Author(s): Hirai K, Aliev G, Nunomura A, Fujioka H, Russell RL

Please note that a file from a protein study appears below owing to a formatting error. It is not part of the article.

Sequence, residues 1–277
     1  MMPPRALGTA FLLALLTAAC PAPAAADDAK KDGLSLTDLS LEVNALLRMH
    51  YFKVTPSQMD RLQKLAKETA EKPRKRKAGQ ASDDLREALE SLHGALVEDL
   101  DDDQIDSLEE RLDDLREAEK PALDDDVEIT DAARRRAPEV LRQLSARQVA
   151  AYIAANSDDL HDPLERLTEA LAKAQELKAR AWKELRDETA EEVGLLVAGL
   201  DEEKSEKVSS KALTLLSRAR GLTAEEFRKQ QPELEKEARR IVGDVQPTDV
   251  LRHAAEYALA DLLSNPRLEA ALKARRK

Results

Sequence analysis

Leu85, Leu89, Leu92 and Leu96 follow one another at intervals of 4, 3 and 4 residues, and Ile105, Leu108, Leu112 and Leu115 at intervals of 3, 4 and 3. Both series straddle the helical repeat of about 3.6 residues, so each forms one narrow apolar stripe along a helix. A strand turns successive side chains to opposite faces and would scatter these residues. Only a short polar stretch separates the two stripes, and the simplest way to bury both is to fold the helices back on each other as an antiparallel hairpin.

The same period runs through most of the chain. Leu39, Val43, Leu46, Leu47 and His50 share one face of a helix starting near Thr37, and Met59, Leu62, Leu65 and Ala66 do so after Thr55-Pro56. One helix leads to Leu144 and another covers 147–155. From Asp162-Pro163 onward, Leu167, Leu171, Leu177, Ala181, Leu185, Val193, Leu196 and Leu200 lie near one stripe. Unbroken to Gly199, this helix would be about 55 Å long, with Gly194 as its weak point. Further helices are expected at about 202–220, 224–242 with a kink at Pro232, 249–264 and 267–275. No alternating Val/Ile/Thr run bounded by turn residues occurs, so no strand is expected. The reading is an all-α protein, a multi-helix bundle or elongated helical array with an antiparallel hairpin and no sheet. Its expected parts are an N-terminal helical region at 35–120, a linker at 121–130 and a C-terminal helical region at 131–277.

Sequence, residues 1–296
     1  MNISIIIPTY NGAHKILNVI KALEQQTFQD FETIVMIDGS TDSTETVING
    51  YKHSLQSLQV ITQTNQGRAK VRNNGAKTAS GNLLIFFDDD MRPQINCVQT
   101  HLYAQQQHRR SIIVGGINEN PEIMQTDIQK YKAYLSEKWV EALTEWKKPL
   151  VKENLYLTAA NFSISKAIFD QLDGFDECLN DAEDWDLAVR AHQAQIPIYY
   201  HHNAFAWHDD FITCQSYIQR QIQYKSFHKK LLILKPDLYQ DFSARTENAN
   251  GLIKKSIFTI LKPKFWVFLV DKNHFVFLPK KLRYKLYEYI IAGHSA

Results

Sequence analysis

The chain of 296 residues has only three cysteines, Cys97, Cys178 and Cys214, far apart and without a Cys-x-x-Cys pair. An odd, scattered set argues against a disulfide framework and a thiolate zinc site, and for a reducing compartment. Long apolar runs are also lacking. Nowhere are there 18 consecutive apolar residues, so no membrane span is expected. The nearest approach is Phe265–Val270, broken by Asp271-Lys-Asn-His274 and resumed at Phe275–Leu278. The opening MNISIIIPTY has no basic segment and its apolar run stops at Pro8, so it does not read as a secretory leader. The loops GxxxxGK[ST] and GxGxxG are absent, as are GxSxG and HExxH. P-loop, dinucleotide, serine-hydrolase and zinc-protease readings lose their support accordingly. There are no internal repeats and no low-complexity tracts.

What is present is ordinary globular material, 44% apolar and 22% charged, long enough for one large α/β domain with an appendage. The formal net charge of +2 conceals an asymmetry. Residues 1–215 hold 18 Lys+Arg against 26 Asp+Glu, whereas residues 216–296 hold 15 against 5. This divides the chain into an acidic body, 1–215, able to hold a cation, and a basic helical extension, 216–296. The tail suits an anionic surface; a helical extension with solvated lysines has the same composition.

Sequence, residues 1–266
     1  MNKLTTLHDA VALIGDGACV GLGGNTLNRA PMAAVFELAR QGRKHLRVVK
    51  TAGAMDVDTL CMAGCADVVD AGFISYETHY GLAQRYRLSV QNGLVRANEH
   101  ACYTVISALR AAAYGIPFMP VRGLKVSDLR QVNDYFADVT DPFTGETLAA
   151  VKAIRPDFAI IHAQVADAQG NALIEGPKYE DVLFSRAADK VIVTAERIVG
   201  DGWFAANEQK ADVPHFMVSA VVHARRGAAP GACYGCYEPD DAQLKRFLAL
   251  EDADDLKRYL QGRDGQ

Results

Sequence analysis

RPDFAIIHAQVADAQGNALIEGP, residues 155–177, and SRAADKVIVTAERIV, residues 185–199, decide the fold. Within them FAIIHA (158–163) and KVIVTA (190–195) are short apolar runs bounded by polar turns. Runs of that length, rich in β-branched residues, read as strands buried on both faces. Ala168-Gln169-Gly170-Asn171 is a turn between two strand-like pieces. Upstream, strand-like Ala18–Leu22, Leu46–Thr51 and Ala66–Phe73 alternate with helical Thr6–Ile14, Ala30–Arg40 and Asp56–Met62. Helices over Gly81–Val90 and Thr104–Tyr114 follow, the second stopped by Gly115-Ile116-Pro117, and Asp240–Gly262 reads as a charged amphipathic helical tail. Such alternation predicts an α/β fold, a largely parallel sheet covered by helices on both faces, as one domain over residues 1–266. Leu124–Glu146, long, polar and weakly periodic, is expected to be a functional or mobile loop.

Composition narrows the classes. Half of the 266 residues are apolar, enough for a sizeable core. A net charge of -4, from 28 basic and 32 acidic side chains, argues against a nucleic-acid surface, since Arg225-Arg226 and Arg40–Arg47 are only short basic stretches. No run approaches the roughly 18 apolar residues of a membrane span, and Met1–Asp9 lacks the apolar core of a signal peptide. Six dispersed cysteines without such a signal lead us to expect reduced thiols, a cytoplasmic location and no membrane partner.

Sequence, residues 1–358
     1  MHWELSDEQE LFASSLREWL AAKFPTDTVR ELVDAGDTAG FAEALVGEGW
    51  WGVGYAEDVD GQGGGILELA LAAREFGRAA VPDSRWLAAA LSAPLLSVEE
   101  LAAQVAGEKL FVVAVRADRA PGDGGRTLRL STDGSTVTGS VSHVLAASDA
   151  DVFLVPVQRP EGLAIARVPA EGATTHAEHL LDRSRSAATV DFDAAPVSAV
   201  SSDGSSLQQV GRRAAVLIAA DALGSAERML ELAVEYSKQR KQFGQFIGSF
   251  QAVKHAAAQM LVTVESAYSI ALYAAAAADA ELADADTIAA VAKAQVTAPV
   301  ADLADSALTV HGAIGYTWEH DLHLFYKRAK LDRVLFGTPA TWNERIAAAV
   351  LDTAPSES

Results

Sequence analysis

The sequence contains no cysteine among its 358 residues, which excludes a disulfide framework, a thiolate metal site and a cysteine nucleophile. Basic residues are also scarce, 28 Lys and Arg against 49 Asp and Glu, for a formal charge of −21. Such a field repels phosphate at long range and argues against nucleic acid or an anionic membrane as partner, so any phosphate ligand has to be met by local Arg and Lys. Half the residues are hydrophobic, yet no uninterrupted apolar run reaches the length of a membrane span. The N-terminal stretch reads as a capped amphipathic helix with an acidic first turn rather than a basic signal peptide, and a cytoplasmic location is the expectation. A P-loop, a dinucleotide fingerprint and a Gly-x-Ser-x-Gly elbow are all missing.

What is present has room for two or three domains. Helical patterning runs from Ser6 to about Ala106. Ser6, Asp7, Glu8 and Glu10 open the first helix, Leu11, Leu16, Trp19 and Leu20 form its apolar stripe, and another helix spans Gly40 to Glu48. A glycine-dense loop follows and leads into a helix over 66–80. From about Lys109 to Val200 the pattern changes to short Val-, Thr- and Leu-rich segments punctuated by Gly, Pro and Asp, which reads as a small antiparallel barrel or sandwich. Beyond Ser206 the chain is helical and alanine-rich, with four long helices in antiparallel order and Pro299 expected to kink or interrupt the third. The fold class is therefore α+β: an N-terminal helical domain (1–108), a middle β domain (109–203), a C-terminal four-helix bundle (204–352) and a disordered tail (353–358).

The finding that oxidative damage, including that to nucleic acids, in Alzheimer's disease is primarily limited to the cytoplasm of susceptible neuronal populations suggests that mitochondrial abnormalities might be part of the spectrum of chronic oxidative stress of Alzheimer's disease. In this study, we used in situ hybridization to mitochondrial DNA (mtDNA), immunocytochemistry of cytochrome oxidase, and morphometry of electron micrographs of biopsy specimens to determine whether there are mitochondrial abnormalities in Alzheimer's disease and their relationship to oxidative damage marked by 8-hydroxyguanosine and nitrotyrosine. We found that the same neurons showing increased oxidative damage in Alzheimer's disease have a striking and significant increase in mtDNA and cytochrome oxidase. Surprisingly, much of the mtDNA and cytochrome oxidase is found in the neuronal cytoplasm and in the case of mtDNA, the vacuoles associated with lipofuscin. Morphometric analysis showed that mitochondria are significantly reduced in Alzheimer's disease. The relationship shown here between the site and extent of mitochondrial abnormalities and oxidative damage suggests an intimate and early association between these features in Alzheimer's disease.